Considering some characters can change their shapes at will, or transfer their consciousness into other bodies, the notion of sexual identity becomes fluid.
And is it really not a big deal? It certainly would be if Iceman were turned into a variation on Michael Jackson's mindset. Not to mention their assertion of "fluidity" is ludicrous and omits any notion of common sense.
The X-Men extended family includes the largest number of gay, lesbian and bisexual characters of any team in the Marvel universe. This makes sense, since Stan Lee created mutants to symbolize all oppressed minorities, gays and African Americans in particular.Seriously? You mean he never created them to represent Jews, Latinos or Asians? What an odd line that one is, because of how it sounds belittling of practically everyone else. Whatever Lee might say today, recalling his yes-man act, I don't think it helps to imply he literally intended the mutants to symbolize homosexuality, or more specifically, to depict homosexuality in a positive light.
Marvel was the first publisher to seriously introduce a gay character in 1992, when the speedster Northstar declared he was gay. It seemed like Marvel regretted that decision minutes later, and little mention was made of it again for several years. Eventually, it was integrated into the character's adventures and, in 2012, Northstar got married. Marvel celebrated the event on the cover of an X-Men comic.That's awfully rich coming from bozos who make no mention at all of how badly written Scott Lobdell's "outing" truly was in Alpha Flight, whose first volume was cancelled barely 2 years after the tale was written. And weren't there a few gay characters featured before that, like one who appeared in Jon Sable?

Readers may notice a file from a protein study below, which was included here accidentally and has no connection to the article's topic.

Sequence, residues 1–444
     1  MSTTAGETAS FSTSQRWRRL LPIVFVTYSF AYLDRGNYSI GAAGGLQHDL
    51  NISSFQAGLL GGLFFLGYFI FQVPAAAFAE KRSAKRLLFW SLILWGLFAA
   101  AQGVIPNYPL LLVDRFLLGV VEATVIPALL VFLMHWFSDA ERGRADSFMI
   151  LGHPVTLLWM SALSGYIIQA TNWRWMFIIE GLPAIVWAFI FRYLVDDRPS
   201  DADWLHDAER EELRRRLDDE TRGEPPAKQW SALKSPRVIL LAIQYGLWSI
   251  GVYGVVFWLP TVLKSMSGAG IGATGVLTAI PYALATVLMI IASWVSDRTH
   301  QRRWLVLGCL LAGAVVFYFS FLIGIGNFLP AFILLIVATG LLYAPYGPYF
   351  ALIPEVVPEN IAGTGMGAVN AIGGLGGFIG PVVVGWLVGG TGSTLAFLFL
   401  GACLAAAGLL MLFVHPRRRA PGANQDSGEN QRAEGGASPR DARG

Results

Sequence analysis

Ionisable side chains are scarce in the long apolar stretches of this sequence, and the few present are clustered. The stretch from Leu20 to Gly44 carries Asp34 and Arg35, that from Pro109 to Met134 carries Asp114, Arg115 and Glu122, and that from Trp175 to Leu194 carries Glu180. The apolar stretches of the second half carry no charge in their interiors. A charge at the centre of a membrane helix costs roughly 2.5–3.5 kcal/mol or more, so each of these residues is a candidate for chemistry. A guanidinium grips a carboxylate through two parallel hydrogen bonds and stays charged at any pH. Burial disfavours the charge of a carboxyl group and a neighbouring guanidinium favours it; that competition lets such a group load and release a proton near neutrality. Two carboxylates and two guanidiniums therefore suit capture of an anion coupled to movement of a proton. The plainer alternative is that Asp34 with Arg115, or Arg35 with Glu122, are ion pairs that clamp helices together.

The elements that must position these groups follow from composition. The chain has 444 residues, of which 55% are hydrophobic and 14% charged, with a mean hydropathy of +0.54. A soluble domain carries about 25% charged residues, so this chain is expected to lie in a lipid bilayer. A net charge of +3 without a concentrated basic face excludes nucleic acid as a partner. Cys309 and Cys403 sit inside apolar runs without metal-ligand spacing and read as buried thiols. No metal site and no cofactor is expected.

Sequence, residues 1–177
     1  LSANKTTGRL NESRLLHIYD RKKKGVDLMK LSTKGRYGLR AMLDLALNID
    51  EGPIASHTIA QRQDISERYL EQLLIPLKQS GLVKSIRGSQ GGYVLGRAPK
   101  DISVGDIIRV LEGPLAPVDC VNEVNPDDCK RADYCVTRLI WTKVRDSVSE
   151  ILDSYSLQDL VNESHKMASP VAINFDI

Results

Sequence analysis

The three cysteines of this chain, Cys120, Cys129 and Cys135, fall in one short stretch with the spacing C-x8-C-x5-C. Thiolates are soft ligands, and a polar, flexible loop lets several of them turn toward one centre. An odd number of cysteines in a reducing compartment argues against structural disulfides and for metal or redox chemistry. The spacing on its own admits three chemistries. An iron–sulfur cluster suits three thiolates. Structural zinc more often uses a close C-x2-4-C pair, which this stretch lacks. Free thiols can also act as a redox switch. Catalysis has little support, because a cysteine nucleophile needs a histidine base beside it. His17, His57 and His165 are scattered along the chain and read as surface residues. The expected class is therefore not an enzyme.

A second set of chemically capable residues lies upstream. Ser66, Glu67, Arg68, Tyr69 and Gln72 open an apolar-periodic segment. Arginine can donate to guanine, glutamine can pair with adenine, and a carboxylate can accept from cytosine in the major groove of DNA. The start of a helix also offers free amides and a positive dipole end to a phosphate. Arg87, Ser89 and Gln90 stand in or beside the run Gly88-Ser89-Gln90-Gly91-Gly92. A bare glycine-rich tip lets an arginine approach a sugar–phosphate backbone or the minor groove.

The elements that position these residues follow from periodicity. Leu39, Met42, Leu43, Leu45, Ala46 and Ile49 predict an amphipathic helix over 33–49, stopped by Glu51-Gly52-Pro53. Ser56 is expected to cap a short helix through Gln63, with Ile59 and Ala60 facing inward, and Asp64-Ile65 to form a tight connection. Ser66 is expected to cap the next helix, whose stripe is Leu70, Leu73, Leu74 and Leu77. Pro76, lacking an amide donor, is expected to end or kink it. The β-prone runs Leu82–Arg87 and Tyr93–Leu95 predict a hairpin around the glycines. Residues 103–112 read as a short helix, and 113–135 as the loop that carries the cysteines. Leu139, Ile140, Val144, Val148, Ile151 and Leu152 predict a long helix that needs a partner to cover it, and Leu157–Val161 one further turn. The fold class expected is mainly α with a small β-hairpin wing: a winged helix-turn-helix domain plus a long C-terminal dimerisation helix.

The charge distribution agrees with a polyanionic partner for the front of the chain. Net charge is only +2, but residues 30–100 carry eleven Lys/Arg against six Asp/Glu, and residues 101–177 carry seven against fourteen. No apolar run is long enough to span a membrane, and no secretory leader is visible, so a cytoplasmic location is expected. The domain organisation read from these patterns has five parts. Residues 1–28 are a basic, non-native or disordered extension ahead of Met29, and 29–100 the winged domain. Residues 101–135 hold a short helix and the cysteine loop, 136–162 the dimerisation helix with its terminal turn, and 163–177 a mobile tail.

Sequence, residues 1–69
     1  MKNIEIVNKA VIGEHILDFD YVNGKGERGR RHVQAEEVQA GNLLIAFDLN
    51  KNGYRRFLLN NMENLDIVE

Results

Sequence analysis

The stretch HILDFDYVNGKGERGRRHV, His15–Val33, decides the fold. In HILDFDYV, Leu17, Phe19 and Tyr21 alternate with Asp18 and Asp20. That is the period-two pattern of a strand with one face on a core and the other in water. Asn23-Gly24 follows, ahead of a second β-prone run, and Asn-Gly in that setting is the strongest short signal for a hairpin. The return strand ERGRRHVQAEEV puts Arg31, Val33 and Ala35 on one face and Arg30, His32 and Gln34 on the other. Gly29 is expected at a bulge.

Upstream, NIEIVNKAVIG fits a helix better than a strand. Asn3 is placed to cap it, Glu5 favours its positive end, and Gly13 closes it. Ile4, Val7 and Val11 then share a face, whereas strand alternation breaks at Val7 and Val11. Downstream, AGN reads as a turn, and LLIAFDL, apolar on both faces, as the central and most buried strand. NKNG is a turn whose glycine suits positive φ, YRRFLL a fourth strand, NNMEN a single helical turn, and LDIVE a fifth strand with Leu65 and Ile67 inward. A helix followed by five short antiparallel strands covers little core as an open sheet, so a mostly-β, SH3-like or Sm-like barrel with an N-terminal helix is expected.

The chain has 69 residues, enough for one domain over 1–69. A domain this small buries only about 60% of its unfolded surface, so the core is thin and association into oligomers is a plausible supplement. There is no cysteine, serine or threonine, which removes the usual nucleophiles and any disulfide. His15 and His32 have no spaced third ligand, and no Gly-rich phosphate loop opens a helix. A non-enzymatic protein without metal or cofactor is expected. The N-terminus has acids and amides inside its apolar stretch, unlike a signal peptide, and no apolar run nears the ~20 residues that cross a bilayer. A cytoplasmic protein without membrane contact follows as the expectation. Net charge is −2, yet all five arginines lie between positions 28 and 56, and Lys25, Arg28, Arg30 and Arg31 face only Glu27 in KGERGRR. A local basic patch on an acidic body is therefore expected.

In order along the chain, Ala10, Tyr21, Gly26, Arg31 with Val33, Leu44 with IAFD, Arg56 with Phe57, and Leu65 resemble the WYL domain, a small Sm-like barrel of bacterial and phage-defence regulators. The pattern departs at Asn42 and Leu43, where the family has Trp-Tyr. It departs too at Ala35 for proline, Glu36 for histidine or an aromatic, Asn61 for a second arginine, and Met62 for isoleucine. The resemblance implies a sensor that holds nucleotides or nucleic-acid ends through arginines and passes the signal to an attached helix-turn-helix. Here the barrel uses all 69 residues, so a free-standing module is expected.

There's also no mention of Lobdell's unofficial sequel almost a decade later in X-Men, in a story titled "Eve of Destruction" where he once again sledgehammered Northstar's oh-so important homosexuality over the readers' heads, like he was trying to make clear that we must all accept his lifstyle/practice regardless of whether it's healthy or not. The same writer who's not known to be particularly respectful of women. It's the heavy-handed approach that sabotages everything. And though it was sensationalized in the MSM, did the 2012 X-Men issue sell well? Hardly. It was pretty mediocre numbers through and through.